8. When Scheffler called Scott about working together, Scott had questions for the young Texan.


Jamie Squire

Tesori relates the story of how Scott had as many questions for Scheffler as the future boss would have for his looper.

“Teddy and Scottie talked for quite awhile before they went to work for him,” Tesori says. “Scottie’s young and has had a bit of a habit of getting a little angry on the golf course, and maybe even a little angry toward his caddie.

“Ted being a veteran, almost 50 years old, being out here for so long, he was able to say: ‘I want to come work for you, but you have got to promise me that you’re going to work on these areas.’ And not only did Scottie say yes, he has absolutely done it.”

9. It was a 15-year run for Watson and Scott together before they split.


The State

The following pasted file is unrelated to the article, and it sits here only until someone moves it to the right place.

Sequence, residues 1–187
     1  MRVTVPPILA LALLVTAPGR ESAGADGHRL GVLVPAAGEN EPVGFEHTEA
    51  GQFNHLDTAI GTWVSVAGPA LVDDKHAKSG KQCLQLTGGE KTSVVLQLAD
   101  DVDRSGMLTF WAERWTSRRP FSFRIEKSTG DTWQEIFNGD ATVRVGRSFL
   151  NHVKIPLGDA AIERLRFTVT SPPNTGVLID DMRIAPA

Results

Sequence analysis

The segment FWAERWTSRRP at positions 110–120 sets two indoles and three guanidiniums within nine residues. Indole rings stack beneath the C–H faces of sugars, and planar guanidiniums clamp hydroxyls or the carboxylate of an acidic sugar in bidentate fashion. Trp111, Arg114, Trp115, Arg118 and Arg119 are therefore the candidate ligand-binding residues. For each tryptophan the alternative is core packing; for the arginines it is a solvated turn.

“I have no regrets, and I don't think he does either. He has made more money now without me. He needed 10 more years. I haven't told anybody, but I had some struggles this offseason. Wrote a book about some struggles. My wrist, I had a wrist injury all last year. Had some PRP [platelet-rich plasma].

“So, I called [Scott] and told him, ’Look, man, I'm 43 years old. I don't know what I'm going to do. My wrist is killing me.’ He is like he needs 10 more years, and I gave him … I felt like a nice retirement package when we split up. But we split up mutually.”

On his current relationship with Scott, Watson said: “We're still friends. We still text each other, so behind the door he might not be friends with me, but he has made more money, so now I guess he's happy he left.”